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Safe Medical Devices for Children
BOX S.2 Identifying Concerns or Adaptations with Pediatric Use of Medical Devices (with Examples)
A priori identification
Pacemaker implant: choice of implant site to better protect device
Deep brain stimulator: avoidance of use when patient brain growth is less than 90 percent complete
Orthopedic fixation device: avoidance of device that will interfere with bone growth
Identification through premarket clinical testing
Deep brain stimulator: modification of implant placement when two stimulators are used with small child
Titanium rib: modification of device and implantation strategy to reduce migration or bone overgrowth
Identification after marketing
Cochlear implant: association of meningitis with certain devices
Home apnea monitors: lack of effectiveness in detecting apnea consistently and preventing sudden infant death syndrome
provides adequate safeguards regarding the use of devices in pediatric populations.” The IOM was to examine specifically: (1) the U.S. Food and Drug Administration’s (FDA) monitoring and use of adverse reaction reports, registries, clinical studies, and other postmarket surveillance activities; (2) the adequacy of FDA’s monitoring of commitments for further clinical studies made by manufacturers at the time of approval of specific devices; (3) the adequacy of postmarket surveillance studies to evaluate how children’s active lifestyles may affect failure rates and longevity for implanted devices; and (4) the length of postmarket surveillance studies of implanted devices, including whether studies continue long enough to evaluate the impact of children’s growth and development given the expected length of time that a child will have an implant. The committee was not asked to evaluate FDA’s premarket review of medical devices or to assess barriers to the development of medical devices to meet children’s special needs.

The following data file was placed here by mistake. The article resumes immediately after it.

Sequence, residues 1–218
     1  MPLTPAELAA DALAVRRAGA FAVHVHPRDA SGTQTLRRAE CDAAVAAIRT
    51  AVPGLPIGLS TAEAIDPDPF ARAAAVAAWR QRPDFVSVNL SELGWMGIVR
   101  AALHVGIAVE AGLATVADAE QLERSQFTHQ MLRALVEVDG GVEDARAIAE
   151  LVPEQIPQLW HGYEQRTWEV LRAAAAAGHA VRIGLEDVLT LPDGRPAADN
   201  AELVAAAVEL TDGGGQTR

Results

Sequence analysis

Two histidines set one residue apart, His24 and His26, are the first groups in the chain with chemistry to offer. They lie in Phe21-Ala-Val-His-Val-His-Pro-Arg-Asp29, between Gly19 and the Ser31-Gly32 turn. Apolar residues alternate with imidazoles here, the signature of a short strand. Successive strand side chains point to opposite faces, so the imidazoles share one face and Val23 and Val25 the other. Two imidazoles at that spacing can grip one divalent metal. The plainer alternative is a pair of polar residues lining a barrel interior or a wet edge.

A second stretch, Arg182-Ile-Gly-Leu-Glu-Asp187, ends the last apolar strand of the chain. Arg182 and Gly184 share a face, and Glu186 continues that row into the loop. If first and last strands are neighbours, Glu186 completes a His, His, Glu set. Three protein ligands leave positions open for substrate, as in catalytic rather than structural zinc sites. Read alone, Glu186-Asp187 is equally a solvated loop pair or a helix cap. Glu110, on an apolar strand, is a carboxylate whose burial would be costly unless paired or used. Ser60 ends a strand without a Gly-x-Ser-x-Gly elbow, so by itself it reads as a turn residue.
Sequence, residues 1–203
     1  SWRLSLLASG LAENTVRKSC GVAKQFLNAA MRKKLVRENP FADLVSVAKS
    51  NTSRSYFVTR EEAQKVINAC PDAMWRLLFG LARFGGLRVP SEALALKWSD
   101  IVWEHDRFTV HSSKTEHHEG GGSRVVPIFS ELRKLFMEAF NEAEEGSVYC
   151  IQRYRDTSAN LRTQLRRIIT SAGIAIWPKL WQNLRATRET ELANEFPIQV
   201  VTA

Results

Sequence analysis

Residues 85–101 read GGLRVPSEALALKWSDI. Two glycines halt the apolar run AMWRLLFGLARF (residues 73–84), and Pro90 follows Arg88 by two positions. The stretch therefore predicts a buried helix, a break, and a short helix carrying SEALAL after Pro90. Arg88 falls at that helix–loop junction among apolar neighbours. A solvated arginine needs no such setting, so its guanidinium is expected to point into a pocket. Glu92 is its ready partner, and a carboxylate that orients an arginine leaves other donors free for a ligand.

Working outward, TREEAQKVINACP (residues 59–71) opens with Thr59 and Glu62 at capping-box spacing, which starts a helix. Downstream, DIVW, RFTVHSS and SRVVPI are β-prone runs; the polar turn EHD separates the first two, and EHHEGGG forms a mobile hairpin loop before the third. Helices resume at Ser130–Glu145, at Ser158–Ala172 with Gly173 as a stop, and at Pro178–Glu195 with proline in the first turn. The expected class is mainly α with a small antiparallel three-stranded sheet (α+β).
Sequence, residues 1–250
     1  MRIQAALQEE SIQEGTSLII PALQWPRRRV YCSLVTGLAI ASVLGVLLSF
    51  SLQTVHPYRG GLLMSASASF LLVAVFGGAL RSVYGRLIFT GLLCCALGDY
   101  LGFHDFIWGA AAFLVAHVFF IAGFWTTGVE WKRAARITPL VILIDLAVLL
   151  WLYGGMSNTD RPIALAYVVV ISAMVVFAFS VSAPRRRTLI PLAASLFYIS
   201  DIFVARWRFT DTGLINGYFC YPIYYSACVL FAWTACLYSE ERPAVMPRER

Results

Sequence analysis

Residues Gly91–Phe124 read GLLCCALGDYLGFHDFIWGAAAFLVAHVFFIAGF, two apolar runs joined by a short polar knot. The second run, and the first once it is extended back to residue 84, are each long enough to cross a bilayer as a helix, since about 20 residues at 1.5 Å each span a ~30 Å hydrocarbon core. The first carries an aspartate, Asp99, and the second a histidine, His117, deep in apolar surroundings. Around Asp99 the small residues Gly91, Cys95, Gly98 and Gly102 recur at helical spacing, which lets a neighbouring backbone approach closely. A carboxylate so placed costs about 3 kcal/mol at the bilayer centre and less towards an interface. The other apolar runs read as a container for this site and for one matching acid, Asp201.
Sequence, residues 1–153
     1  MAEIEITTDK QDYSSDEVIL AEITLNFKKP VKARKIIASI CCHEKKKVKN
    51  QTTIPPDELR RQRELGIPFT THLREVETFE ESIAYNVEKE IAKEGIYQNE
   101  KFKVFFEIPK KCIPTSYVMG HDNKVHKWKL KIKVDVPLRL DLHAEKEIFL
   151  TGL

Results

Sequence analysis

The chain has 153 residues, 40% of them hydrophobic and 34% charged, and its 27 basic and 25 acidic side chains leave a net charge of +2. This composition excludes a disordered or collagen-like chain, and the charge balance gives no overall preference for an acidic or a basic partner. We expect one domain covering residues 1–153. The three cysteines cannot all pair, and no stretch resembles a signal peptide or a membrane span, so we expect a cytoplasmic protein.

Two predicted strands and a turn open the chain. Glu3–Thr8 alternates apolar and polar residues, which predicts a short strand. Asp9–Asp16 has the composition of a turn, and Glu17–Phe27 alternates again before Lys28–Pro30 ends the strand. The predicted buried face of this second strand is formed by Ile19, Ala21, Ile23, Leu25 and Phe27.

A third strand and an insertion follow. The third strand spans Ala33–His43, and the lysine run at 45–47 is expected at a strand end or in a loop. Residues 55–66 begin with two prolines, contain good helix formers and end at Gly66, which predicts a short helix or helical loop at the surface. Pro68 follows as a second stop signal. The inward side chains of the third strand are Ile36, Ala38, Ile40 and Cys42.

Postmarket surveillance of medical devices used with children is a little-investigated topic. This is partly because the market for most medical products is concentrated among adults, especially older adults. Moreover, discussions of medical product regulation and patient safety focus more on pharmaceuticals than on medical devices and more on the assessment of products prior to marketing than on the subsequent surveillance of product performance.